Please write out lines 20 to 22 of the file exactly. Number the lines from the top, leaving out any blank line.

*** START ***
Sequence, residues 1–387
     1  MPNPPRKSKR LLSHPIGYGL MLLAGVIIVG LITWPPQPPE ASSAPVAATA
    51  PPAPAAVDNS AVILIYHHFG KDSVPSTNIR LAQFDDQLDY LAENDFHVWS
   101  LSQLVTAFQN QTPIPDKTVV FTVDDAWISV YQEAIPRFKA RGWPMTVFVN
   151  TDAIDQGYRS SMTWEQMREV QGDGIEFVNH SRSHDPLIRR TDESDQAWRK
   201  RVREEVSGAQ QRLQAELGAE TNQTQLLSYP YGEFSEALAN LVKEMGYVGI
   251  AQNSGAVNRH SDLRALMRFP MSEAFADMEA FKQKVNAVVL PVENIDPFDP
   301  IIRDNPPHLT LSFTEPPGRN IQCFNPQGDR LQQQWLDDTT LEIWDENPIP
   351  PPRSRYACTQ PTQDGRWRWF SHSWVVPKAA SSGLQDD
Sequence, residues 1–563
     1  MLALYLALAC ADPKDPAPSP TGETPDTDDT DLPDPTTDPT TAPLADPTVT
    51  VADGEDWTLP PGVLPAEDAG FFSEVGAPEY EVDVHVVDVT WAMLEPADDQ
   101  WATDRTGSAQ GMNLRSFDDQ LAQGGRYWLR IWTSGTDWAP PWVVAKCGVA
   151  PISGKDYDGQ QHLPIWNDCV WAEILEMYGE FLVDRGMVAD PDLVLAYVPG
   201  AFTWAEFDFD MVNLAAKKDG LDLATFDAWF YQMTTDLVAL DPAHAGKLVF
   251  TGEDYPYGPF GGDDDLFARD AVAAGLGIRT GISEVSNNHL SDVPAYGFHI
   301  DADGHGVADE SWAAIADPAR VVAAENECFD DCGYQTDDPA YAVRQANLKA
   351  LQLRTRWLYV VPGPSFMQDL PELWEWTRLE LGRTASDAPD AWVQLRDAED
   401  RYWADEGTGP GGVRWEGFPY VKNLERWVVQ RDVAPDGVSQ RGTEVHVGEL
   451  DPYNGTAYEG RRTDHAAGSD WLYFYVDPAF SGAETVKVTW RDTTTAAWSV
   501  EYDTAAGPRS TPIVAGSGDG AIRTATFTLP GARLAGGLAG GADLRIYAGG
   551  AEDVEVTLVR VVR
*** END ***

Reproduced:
   451  DPYNGTAYEG RRTDHAAGSD WLYFYVDPAF SGAETVKVTW RDTTTAAWSV
   501  EYDTAAGPRS TPIVAGSGDG AIRTATFTLP GARLAGGLAG GADLRIYAGG
   551  AEDVEVTLVR VVR